7. gruntina Says:

    Ooops! meant to say culture** not culter

  8. Joan.of.the.Arch Says:

    Could me they think it is perfectly normal to buy those things rather than prepare them at home, just as you buy pre-made bread, ChefBoyRDee, and breakfast cereal? --Surprise!-- I make bread at home, my kid never knew what pasta from a can tastes like, and cereal in this house is oatmeal, cream of wheat, grits, barley, rice, or bulghur. I'm not saying I don't buy pre-made food, I just pick and choose. Er, I have been known to bring Ding-Dongs or potato chips to a potluck and have always come home empty handed.

  9. pretty cheap jewelry Says:

    (snicker snicker joan.arch, and I don't mean the chocolate bars!).

    YES we have a refridgerator at work. YES we had a sign up sheet. I bit my tongue before grumbling "Maybe next time we should have a rule Homemade Only"

    Off to post a picture next post of the groceries I bought with $59.54. It will last my family of 4 a week EASILY. Gripe #2, grocery prices are NOT as bad as people are saying.

  10. monkeymama Says:

    I am with you on the grocery prices. Confused. Maybe california is just not so bad.

    As far as potlucks - I probably lean towards pre-bought just because of the time factor. Though it really depends. Our bunko is potluck and people bring some great food, but I usually just pop by the store since I go staright from work. Just way too much hassle to plan ahead, and figure out how to keep things fresh all day.

    I actually don't like cooking for potlucks for much the same reason - how to keep it all fresh - remember to bring home the dish, etc., etc., etc. Guess I am a convenience girl. When I think to potlucks I think homemade salad, homemade desserts (I love to bring dessert), and I always volunteer pBJ sandwhiches for kid stuff because it is quick and cheap. But I am trying to think if I have ever brought a main dish anywhere. ????? I'll leave that to the main dish pros? LOL.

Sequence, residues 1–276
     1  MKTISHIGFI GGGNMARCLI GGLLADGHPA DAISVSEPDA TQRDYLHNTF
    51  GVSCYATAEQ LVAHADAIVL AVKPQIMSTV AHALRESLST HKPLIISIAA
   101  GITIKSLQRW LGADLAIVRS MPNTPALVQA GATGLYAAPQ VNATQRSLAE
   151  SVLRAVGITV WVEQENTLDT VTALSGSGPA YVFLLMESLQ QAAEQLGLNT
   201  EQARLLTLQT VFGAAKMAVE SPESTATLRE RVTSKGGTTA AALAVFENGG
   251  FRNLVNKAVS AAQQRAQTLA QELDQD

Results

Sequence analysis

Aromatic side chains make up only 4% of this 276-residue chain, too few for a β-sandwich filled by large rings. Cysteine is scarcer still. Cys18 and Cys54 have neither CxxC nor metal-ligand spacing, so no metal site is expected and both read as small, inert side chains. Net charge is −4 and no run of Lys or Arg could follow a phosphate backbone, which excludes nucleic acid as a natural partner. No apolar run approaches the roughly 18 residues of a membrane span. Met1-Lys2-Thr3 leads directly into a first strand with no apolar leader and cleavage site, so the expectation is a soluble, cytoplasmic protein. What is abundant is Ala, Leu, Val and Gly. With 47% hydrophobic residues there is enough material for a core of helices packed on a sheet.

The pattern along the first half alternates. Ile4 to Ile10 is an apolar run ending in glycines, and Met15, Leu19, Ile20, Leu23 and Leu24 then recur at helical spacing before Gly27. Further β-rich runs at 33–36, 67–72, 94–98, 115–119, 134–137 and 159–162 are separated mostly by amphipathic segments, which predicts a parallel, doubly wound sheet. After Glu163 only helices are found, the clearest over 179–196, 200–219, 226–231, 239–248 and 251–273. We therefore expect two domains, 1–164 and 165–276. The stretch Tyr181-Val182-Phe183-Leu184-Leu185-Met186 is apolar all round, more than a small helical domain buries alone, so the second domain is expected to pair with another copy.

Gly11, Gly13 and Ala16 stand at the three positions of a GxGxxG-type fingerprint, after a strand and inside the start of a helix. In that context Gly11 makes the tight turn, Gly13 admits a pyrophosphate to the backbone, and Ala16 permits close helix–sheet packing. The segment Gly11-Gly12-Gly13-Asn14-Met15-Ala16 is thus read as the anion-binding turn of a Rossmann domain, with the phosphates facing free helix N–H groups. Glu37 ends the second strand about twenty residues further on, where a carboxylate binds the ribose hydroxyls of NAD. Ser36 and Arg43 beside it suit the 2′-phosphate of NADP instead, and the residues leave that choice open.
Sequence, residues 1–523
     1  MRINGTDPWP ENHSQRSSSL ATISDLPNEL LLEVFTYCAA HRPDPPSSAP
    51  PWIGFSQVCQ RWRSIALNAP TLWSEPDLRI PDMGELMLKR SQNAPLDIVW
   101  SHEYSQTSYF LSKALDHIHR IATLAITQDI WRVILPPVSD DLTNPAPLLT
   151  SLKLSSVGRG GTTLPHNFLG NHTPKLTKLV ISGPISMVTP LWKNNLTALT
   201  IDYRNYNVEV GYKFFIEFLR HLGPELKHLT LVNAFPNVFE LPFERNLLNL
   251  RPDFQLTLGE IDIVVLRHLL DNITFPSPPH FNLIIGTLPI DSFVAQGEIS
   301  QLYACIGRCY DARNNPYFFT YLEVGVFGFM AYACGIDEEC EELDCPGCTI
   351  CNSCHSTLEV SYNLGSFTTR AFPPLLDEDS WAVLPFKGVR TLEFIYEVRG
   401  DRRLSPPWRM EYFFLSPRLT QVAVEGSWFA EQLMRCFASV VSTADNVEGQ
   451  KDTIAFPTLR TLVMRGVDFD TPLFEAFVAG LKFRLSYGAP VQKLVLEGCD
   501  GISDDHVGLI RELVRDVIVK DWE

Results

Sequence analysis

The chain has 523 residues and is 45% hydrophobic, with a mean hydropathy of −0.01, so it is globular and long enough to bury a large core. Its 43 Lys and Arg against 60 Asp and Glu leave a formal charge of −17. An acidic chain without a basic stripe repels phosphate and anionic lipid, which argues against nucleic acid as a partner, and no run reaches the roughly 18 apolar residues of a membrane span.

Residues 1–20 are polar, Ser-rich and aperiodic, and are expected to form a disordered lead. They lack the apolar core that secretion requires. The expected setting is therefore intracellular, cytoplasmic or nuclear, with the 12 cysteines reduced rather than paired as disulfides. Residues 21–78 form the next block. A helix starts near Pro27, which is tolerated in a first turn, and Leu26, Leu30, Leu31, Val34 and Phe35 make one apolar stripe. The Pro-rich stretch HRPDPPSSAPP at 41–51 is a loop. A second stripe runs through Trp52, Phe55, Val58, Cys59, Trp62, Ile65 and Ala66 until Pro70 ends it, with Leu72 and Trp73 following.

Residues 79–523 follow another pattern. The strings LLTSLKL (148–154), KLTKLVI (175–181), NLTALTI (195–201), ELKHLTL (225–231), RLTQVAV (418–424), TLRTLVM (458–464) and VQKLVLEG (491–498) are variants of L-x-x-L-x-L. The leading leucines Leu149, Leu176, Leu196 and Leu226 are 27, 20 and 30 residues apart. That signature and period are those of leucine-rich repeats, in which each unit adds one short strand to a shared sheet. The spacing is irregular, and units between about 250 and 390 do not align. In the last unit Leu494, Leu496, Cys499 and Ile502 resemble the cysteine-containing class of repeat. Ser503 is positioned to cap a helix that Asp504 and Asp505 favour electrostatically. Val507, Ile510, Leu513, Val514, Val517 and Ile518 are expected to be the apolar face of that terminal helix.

11. Amanda Says:

    We would always do potlucks in my office, we were a small group (at the most, 9) of people and we joked about coming up with reasons for a potluck. We also had two vegetarians in the office, so it was fun for us to try to come up with creative vegetarian dishes. Usually, a couple of people would chip in on fried chicken or something for the rest of us ... but we always worked hard to make sure the veggies got to eat.

    That said, my boss would always ALWAYS bring in one bag of chips as her contribution. Drove me nuts! I mean, you know your boss makes more money than you, and doesn't have any kids ... and yet all she can possibly do is buy a bag of chips. SIGH. Talk about a pain in my bumm ...

  12. terri77 Says:

    I don't know if I would have ever even taken notice of who cooked and didn't. I tend to only cook for family. I'm always worried that other people won't like what I make.

  13. reflectionite Says:

    i was just going to say the same thing as Terri77.
    we don't do 'potlucks' at either of my workplaces, but i always have a major stressout before any type of get-together we have with our friends. there are a couple of chefs in our group, as well as some high-earners who can be a little judgemental at restaurants, so it always scares me when i have to cook for people, i always think it won't be good enough. given, i am a cake decoratr/pastry chef, but i still have a high level of self doubt...!

  14. baselle Says: